Blog: Katy AskewTesco ad sparks UK jobs row

Katy Askew | 20 February 2012

Tesco has again been making headlines in the UK, this time over the company's involvement in the coalition government's controversial scheme to force unemployed people to take part in unpaid work placements.

The retail giant's involvement in the scheme came under the spotlight last week, when the retailer published an advert seeking permanent workers in exchange for expenses and jobseeker's allowance.

In the face of mass media attention and protests organised by campaign group Right to Work, the wheels quickly began spinning at the Tesco PR machine.

The advert, Tesco insisted, was simply the result of an IT processing error at the Job Centre Plus. Moreover, a spokesperson emphasised, participants would be guaranteed a job interview upon completion of the voluntary work placement.

The corporate message is clear then: in spite of first appearances, the company is not looking to replace full-time permanent workers with an army of jobseekers who are paid (by the taxpayer) a measly GBP1.78 an hour, if they are under 25, rising to GBP2.25 if they are over 25.

Nevertheless, while it seems likely the advert was indeed a mistake, the fiasco uncovers one of the most fundamental questions that can be put to the government over the scheme: is the programme reducing jobs by providing profit-making companies with an unpaid workforce?

It wasn't just Tesco running the media gauntlet over the weekend. Chris Grayling, minister at the Department of Work and Pensions, told Sky News that critics of the scheme – and supermarkets involvement in it - were "job snobs about the nature of the work those supermarkets are doing".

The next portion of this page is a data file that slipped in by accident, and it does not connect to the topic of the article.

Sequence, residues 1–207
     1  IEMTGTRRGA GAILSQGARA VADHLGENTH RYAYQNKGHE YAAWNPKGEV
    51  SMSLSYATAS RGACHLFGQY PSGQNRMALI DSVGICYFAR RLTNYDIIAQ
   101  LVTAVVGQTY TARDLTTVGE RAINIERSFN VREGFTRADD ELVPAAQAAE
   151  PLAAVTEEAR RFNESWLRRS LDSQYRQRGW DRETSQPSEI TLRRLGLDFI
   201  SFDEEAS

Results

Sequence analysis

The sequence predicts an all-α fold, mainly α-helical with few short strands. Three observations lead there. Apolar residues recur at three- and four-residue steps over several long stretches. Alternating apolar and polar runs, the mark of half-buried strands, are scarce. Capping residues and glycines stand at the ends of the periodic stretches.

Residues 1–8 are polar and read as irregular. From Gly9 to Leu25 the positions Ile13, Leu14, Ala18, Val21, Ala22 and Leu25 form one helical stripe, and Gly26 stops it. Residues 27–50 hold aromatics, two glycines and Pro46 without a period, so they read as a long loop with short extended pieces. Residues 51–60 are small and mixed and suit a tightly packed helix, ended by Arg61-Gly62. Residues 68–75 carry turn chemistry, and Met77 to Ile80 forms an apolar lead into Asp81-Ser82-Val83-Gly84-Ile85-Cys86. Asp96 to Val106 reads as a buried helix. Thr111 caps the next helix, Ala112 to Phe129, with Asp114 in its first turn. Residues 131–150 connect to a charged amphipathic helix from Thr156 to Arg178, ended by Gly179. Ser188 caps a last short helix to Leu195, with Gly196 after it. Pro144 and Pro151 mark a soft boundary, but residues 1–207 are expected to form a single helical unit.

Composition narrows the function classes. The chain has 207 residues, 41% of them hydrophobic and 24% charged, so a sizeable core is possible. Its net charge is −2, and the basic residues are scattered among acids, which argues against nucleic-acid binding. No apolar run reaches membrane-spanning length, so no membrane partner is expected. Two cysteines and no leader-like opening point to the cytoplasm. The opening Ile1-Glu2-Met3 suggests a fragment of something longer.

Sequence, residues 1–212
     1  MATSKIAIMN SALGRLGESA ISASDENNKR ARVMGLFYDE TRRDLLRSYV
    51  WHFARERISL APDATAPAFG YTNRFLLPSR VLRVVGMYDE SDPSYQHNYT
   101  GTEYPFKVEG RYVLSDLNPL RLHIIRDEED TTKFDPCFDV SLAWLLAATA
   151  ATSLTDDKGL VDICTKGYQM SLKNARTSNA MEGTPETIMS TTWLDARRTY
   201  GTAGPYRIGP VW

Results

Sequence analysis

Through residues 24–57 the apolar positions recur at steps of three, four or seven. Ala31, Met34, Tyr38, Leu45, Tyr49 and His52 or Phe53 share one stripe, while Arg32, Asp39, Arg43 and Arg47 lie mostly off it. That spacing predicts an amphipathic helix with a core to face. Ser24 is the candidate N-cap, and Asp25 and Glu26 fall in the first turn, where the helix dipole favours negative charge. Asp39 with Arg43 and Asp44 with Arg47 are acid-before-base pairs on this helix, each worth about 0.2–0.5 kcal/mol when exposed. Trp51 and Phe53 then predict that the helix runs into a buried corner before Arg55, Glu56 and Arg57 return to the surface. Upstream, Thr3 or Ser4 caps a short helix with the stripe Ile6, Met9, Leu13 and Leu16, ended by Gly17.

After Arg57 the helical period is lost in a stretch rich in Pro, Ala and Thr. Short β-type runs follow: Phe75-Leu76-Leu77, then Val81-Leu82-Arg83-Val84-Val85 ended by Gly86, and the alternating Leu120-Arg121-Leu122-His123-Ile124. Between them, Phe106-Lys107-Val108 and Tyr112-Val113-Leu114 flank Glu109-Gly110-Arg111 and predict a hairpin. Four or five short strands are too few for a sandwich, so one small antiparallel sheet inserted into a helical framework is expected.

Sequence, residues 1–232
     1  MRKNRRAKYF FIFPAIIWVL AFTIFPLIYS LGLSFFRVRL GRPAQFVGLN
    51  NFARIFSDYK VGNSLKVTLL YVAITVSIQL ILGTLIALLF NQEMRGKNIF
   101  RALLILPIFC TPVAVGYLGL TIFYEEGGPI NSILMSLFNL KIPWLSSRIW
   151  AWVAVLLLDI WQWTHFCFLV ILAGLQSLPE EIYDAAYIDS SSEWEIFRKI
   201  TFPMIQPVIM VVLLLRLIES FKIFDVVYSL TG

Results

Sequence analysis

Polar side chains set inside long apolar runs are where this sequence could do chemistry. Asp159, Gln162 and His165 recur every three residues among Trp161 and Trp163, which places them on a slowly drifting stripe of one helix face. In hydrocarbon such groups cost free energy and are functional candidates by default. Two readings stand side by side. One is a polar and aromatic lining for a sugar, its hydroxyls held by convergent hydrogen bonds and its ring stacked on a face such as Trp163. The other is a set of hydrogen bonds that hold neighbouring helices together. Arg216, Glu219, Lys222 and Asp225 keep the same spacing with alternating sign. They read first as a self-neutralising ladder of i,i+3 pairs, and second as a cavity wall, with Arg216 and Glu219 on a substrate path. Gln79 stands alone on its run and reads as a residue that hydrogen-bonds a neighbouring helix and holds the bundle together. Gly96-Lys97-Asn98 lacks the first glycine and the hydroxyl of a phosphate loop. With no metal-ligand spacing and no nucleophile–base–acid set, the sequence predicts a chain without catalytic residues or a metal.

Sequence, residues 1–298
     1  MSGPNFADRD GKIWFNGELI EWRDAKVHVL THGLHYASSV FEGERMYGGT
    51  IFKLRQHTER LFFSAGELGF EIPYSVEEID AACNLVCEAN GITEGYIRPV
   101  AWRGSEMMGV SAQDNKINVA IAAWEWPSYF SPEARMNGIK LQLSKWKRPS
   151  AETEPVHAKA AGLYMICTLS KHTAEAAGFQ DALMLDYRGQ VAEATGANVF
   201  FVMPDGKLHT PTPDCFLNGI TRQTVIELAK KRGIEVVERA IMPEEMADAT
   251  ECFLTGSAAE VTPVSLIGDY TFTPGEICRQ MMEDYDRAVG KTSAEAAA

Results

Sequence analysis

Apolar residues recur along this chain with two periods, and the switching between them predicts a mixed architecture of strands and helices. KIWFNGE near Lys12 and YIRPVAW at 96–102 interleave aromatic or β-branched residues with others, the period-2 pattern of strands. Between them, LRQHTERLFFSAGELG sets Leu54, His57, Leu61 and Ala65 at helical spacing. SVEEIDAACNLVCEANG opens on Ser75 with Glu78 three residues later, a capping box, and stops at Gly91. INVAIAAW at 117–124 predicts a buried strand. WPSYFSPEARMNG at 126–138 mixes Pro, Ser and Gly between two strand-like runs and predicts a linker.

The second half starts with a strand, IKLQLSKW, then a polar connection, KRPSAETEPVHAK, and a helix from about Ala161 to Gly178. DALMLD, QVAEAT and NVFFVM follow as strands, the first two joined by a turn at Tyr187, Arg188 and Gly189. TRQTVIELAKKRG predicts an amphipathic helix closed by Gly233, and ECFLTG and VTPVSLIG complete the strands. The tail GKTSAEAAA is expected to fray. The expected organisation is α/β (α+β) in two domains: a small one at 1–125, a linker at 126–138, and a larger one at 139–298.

While Grayling may have felt his barbed comments a cutting repost exposing the hypocrisy of the scheme's largely left-leaning detractors, a case could also be made to suggest that he was in fact highlighting a failing – not only of the scheme, but of British society as a whole.

Back in 2009, then-Tesco CEO Sir Terry Leahy sparked a heated debate when he attacked "woeful" education standards in the UK and suggested that school-leavers had not been provided with the skills necessary to gain entry-level employment in supermarkets. These comments were echoed in the same year by former Marks & Spencer chief Sir Stuart Rose, who said many school leavers were not "fit for work".

So, is the government's work-placement scheme proof that the education system is continuing to fail Britain's youth? Why do you need to complete a work placement scheme before you can even get an interview? Are the majority of Britain's unemployed really that unprepared to join the workforce that they need to complete more than a month's work experience to gain the necessary skills to stack supermarket shelves or man checkouts?


BLOG

Fyffes to face Ethical Trading Initiative disciplinary committee

A year after union officials alleged Fyffes abused workers on plantations in Central America - and called on the produce giant to be kicked out of the Ethical Trading Initiative forum - the company is...

BLOG

Could 3G Capital's next move be in foodservice?

Much of the chatter about where 3G Capital could look next has centred on packaged food - but might the private-equity fund be about to extend its foodservice empire?...

BLOG

Safety allegations could tarnish Mead Johnson's reputation

Headlines that Mead Johnson's board has backed Reckitt Benckiser's takeover bid will no doubt overshadow the other news on the group this week – that it is facing a US lawsuit from a “whistle blower” ...

BLOG

The list of UK's top five grocers has a new member

Kantar Worldpanel issued its monthly supermarket share data in the UK this morning - and the numbers showed a change in the identity of the country's top five food retailers....

just-food homepage



Forgot your password?